Writing portable code regarding the processor architecture/id

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Revision as of 21:22, 29 September 2007 by Adezm (talk | contribs) (→‎Endianness)
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Ada beberapa isu utama saat menulis kode yang portabel sehubungan dengan arsitektur prosesor: endianness dan prosesor 32 vs. 64 bit.


Endianness adalah cara bagaimana nilai lebih besar dari sebuah byte (misalnya 16/32/64-bit integers) disimpan oleh prosesor.

Free Pascal mendukung prosesor dengan dua jenis endianness:

  1. Menyimpan nilai terendah pada alamat terendah; longint(4) dienkode sebagai 04 00 00 00 (little endian)
  2. Menyimpan nilai tertingi pada alamat terendah; longint(4) dienkode sebagai 00 00 00 04 (big endian)

catatan samping:

Endian tengah, juga disebut endian campuran, prosesor jarang sekarang. Yang terkenal, tapi sekarang menjadi historis, prosesor endian menengah adalah PDP-11 dari DEC.

Endianness adalah pilihan umum yang diberikan per keluarga prosesor, tapi beberapa keluar prosesor dapat berupa endian besar atau endian kecil pada mainboard yang disertakannya (ARM, PPC).

Prosesor endian kecil yang paling terkenal adalah keluarga x86, keluar prosesor yang digunakan dalam PC, dan yang terbarunya x86-64. Prosesor umum endian besar adalah PPC (biasanya, lihat catatan di atas), dan m68k, banyak sistem lebih lama seperti misalnya HP3000 minikomputer, dan mainframes seperti IBM 370 (seri Z).

Karena TCP/IP menetapkan bahwa semua struktur header protokol yag bejalan di atas kawat harus endian besar, maka notasi ini kadang-kadang dirujuk sebagai urutan jaringan.

Endianness adalah penting

  1. ketika bertukar data antara arsitektur yang bebeda
  2. ketika mengakses data kadang-kadang sebagai (sebuah array dari) tipe lebih besar, seperti integer, dan kadangkala sebagai (sebuah array dari) byte.

Contoh yang terakhir:

     Q = RECORD
         case boolean of
             true: (i:integer);
             false: (p:array[1..4] of byte)
Var x:^Q ;
     if x^.p[1]=5 then
         writeln(x^.p[1],' Your machine is Little Endian')
         if x^.p[4]=5 then
             writeln(x^.p[1],' Your machine is Big Endian')
             writeln(x^.p[1],' ',x^.p[2],' ',x^.p[3],' ',x^.p[4],' Your machine''s endianness is indeterminate; please report the results to the compiler development team');
    {Make it wait so we can see the results }
     write('Press enter when you finish reading this ');

Pada mesin endian kecil (PCs), kode di atas akan menulis 5 (karena longint(5) disimpan sebagai 05 00 00 00 dalam memori), sementara pada mesin endian besar (contohnya Powermacs) ia akan menulis 0 (karena longint(5) disimpan sebagai 00 00 00 05 dalam memori). (Jika anda mendapatkan laporan mesin anda adalah menengah, silahkan laporkan pada halaman wiki ini apa yang tidak didapatkan dan didapatkan prosesor ini!)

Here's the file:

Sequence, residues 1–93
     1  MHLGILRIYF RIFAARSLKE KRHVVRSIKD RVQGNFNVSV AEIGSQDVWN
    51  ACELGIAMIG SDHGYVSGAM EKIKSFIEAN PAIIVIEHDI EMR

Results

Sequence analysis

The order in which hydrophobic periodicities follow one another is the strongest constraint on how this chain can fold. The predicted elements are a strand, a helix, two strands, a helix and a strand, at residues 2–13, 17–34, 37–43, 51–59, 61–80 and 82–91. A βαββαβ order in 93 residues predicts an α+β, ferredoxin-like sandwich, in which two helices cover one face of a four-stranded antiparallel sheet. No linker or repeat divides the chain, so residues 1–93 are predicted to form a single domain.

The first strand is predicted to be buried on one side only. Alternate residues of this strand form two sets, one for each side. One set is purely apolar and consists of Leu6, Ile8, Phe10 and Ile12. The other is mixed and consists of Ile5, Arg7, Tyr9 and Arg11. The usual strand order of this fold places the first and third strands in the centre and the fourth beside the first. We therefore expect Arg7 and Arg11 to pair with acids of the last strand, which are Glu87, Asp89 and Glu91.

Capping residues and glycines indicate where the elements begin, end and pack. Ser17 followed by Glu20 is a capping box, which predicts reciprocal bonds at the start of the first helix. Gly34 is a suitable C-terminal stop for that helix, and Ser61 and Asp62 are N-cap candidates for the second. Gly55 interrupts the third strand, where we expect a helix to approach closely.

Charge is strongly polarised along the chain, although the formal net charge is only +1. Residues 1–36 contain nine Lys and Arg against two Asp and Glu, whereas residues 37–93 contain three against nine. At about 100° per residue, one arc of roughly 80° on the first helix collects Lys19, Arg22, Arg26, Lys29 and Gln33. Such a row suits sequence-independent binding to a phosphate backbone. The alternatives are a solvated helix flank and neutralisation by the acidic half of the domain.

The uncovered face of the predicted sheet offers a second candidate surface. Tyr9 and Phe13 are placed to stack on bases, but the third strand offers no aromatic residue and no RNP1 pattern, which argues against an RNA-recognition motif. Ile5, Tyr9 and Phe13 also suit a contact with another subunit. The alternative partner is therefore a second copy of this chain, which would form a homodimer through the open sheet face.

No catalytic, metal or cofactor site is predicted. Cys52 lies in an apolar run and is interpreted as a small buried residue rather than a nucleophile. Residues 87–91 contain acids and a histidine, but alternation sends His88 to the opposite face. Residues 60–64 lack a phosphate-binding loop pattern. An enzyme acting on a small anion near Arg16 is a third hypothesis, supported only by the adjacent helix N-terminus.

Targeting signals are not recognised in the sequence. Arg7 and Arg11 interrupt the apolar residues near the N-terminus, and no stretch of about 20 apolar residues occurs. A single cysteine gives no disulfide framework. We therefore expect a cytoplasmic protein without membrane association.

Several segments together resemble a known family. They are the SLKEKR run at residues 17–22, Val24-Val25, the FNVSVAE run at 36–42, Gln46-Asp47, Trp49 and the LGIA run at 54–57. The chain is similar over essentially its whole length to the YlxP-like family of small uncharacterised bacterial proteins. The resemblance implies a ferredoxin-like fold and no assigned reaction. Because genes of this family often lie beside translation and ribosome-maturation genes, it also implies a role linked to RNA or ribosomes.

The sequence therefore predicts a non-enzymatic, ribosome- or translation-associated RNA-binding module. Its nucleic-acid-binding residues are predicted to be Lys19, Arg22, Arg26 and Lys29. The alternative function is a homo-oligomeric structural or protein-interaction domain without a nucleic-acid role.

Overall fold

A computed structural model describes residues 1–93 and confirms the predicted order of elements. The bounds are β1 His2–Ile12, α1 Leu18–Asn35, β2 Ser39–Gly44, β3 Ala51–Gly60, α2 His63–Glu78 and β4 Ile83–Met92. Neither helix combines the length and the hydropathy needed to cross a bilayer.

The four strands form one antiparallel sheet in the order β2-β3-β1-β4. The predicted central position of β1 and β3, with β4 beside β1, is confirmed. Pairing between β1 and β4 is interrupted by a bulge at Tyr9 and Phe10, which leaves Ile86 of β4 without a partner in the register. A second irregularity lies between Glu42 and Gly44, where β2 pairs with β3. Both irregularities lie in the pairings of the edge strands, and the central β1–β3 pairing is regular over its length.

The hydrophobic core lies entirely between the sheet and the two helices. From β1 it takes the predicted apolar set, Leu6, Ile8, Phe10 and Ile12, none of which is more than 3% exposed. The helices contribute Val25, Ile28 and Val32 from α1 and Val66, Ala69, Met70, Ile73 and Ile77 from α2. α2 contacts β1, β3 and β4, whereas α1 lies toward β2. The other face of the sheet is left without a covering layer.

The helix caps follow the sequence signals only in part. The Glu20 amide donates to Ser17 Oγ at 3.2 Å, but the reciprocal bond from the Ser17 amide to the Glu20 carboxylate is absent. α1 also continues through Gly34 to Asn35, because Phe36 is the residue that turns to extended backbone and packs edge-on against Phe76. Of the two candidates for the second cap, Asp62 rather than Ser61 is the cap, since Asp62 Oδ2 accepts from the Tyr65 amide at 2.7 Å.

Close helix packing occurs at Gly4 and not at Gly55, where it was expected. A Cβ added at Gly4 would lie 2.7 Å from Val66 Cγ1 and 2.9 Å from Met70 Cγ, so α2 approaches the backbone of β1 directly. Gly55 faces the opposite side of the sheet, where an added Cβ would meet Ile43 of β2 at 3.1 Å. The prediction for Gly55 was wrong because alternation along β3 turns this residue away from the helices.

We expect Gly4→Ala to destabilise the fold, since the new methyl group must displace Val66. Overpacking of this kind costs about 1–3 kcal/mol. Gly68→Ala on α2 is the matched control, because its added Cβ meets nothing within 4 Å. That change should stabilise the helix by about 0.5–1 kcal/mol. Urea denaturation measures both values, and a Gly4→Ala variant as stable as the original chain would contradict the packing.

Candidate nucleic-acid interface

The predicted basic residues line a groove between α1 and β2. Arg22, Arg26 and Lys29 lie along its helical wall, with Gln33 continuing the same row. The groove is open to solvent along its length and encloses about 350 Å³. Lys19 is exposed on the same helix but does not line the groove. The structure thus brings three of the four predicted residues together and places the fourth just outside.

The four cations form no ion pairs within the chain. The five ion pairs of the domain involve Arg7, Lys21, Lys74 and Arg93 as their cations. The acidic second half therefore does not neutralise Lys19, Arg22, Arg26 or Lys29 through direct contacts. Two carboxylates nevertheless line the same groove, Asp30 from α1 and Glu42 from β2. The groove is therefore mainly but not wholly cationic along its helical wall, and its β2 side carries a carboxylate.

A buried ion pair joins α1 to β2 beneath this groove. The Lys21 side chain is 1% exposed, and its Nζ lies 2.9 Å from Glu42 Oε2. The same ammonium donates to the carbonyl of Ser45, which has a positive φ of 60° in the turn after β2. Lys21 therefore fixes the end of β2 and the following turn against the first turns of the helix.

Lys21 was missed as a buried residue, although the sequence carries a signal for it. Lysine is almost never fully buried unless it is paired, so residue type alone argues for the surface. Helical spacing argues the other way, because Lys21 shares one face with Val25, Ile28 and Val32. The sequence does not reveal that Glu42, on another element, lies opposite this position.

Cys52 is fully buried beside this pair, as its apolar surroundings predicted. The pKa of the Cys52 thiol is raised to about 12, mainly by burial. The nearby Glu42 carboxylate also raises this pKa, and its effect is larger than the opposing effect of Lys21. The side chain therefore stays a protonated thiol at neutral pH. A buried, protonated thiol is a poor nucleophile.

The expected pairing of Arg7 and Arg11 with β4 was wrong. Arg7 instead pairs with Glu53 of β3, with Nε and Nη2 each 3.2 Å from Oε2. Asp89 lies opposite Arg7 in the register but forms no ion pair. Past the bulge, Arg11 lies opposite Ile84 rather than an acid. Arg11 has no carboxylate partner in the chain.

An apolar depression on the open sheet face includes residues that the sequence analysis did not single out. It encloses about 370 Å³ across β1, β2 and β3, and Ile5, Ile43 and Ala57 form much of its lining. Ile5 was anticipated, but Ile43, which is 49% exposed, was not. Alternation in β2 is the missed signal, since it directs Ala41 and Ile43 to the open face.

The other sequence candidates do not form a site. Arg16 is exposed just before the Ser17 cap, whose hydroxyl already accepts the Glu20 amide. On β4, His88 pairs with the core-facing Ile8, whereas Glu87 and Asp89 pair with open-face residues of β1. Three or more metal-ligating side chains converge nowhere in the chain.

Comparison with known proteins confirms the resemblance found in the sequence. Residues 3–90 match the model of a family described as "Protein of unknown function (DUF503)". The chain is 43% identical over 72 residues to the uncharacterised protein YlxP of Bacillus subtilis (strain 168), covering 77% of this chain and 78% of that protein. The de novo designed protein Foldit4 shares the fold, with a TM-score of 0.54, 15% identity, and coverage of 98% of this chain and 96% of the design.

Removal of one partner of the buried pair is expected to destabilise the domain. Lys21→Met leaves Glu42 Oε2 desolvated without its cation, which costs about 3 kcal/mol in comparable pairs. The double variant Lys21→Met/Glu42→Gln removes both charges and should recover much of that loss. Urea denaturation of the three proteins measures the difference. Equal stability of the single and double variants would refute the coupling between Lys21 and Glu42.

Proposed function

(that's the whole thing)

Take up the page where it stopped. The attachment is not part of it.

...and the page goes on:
Untuk menentukan endianness dari sebuah prosesor, gunakan ENDIAN_BIG atau ENDIAN_LITTLE (atau FPC_LITTLE_ENDIAN dan FPC_BIG_ENDIAN mulai dari versi 1.9) mendefinisikan bahwa didefinisikan oleh freepascal secara otomatis tergantung pada prosesor.


Some processors will allow improperly aligned data but with reduced efficiency (IBM 370/zSeries). Some processors generate hardware processor exceptions when data is badly aligned (e.g. Alpha or ARM). Sometimes the hardware exceptions are caught and fixed using emulation by the OS, but this is very slow, and should be avoided. This can also cause records to have different sizes, so always use sizeof(recordtype); as size of a record. If you define a packed record, try to ensure that data is naturally aligned, if possible. Some processors only have alignment requirements for certain types of data, like floating point (e.g. older PowerPCs).

To check if the CPU requires proper alignment, check the FPC_REQUIRES_PROPER_ALIGNMENT (version 1.9 and higher) define. On 32 Bit CPUs this usually means that data up to a size of 4 must be naturally aligned. If you want to access unaligned data, use the move procedure to move it to an aligned location before processing it. The move procedure takes care of unaligned data and handles it properly.

There are multiple strategies for aligning:

  • align every field on a multiple of a certain value (typically a power of two, 1,2,4,8. 1 is equivalent to "packed")
  • pad before every field such that it is aligned on a multiple of its size (so a longint on 4, an int64 on 8 bytes etc). This is typically done by C compiler, which is why FPC calls it {$packrecords C}.

(For arrays or nested records, the size of their largest sub unit is used)

Mac OS X {$packrecords C} seems to pad the entire record at the end to make it a certain size. This is still being investigated, and probably will be fixed in compiler.

32 Bit vs. 64 Bit

To achive maximum compatiblity with older code, FPC doesn't change the size of predefined data types like integer, longint or word when changing from 32 to 64 Bit. However, the size of a pointer is 8 bytes on a 64 bit architecture so constructs like longint(pointer(p)) are doomed to crash on 64 bit architectures. However, to allow you to write portable code, the FPC system unit introduces the types PtrInt and PtrUInt which are signed and unsigned integer data types with the same size as a pointer.

Keep in mind that the size change of the "pointer" type also affects record sizes. If you allocate records with fixed sizes, and not with new or with getmem (<x>,sizeof(<x>)), this will have to be fixed.

This is in line with most open Unix platforms. In the commercial world, there are some exceptions like Tru64, with is ILP64

Konvensi pemanggilan

  • For IBM 370 and zSeries, see the ZSeries page for further discussion.

In general avoid relying on internal knowledge, like if a pass by const is on the stack or by value.




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